McCain has a million-dollar week
By Jonathan D. Salant, Associated Press, 12/20/99WASHINGTON -- Sen. John McCain raised more than $1 million last week as his recent rise in public opinion polls brought new contributors to his presidential campaign.
The Arizona Republican, who leads or is tied with GOP front-runner George W. Bush in several New Hampshire polls, now has taken in more than $5 million since Oct. 1, almost double the amount he raised during the first nine months of the year. To date, he has raised around $13 million, plus another $2 million transferred from his Senate campaign.
"My message of reforming government by getting rid of the influence of special interests is resonating across the country," McCain said.
The campaign said more than 8,000 people contributed last week, including those attending a weekend fund-raiser in Virginia and others who gave without being asked.
The McCain campaign also expects to qualify for more than $5 million in federal matching funds, breaking through the $20-million barrier. The federal government matches the first $250 of each individual contribution to presidential candidates who agree to limit their campaign spending.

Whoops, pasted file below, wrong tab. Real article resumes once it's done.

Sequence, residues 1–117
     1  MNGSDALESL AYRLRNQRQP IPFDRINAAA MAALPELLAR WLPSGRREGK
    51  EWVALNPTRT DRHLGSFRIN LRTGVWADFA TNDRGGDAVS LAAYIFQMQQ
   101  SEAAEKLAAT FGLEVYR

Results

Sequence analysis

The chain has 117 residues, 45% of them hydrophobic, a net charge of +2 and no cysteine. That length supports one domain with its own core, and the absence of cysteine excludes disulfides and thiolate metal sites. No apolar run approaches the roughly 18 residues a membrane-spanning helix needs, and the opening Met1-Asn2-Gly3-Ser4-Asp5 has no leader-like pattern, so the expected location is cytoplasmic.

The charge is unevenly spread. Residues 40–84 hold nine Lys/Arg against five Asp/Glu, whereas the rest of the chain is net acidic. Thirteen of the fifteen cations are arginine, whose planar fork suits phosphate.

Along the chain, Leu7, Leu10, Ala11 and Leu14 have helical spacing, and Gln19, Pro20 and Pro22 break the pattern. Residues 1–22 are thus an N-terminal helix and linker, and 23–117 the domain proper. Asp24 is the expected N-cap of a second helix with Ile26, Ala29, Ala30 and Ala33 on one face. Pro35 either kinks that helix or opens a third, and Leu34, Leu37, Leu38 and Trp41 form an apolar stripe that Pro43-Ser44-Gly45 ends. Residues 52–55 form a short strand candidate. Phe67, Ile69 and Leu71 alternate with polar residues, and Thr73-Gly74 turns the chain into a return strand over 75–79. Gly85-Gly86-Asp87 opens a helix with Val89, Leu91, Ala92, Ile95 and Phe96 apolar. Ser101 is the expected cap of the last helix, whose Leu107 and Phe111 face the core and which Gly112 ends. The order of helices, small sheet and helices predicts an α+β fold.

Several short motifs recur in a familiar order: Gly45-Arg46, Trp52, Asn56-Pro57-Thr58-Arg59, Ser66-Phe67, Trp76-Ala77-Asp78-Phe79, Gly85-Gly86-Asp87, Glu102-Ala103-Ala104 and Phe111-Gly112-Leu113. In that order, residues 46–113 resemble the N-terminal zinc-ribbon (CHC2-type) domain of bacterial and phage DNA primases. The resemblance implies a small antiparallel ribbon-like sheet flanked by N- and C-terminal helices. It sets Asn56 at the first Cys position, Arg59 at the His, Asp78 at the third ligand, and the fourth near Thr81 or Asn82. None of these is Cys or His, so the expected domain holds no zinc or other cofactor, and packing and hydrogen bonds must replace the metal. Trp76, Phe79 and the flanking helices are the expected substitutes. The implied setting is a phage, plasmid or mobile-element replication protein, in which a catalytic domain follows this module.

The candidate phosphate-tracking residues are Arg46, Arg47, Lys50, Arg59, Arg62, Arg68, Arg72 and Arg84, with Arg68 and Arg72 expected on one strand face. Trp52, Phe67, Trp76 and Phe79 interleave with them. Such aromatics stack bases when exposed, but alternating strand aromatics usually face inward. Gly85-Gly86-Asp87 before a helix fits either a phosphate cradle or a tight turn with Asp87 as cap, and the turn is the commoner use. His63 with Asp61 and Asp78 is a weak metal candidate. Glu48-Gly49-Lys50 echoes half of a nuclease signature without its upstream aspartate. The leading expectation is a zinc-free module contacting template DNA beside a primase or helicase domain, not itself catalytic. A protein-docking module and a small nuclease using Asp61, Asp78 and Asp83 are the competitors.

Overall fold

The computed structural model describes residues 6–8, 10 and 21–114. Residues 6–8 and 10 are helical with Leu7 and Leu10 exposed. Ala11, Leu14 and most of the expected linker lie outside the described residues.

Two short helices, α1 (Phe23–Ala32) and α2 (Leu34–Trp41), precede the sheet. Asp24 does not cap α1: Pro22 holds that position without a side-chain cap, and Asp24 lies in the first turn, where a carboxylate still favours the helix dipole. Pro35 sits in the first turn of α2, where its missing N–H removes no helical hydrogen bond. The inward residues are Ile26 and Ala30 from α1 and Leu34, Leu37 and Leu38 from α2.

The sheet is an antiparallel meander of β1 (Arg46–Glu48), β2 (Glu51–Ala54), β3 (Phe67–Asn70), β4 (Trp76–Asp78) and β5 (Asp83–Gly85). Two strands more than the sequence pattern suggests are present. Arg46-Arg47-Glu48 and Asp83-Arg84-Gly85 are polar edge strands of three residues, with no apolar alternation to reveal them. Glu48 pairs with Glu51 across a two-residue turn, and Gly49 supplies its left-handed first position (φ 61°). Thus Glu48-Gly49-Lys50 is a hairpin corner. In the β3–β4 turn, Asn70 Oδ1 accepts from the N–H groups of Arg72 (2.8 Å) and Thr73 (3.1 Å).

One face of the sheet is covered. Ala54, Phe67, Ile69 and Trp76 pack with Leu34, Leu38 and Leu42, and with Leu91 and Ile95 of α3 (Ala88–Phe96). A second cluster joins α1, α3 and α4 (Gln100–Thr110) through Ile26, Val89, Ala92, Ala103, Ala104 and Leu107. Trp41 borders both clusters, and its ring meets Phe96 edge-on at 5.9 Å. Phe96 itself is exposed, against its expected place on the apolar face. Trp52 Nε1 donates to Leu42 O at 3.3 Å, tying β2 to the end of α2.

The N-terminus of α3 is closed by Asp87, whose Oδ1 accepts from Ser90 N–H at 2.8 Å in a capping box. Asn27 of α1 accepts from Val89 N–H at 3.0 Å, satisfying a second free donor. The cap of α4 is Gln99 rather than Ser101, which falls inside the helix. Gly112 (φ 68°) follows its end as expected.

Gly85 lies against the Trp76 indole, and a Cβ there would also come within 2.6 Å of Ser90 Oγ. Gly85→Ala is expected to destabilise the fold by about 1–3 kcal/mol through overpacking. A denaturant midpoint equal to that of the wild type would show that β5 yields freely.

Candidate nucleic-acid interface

Still, McCain trails Bush in national polls and in overall fund raising. The Texas governor, who has already raised more than $63 million, is not accepting federal matching funds for the primaries.
McCain is hoping that a victory in the New Hampshire primary can help narrow both the polling and fund-raising gaps with Bush.
Campaign spokesman Howard Opinsky said McCain hopes the Internet will allow the campaign to quickly convert a strong showing in New Hampshire into the needed contributions to continue the fight for the Republican nomination. To date, the McCain campaign has raised more than $750,000 online.
"Because of the speed in which you can process contributions online, it will help us to be able to turn a bounce out of New Hampshire into strong fund raising that we can use later in the process," Opinsky said.
Another Republican candidate, conservative activist Gary Bauer, expects to raise around $7 million by Dec. 31. Including his federal matching funds, Bauer will have more than $11 million.
On the Democratic side, former U.S. Sen. Bill Bradley's campaign expects to raise more than $26 million by Dec. 31. That is more than Bradley's initial fund-raising goal of $25 million. The campaign also expects to qualify for $10 million in federal funds.
"Due mainly to a steady increase in the amount of grassroots support we have received, we've been able to meet and exceed those goals," Bradley spokesman Tony Wyche said.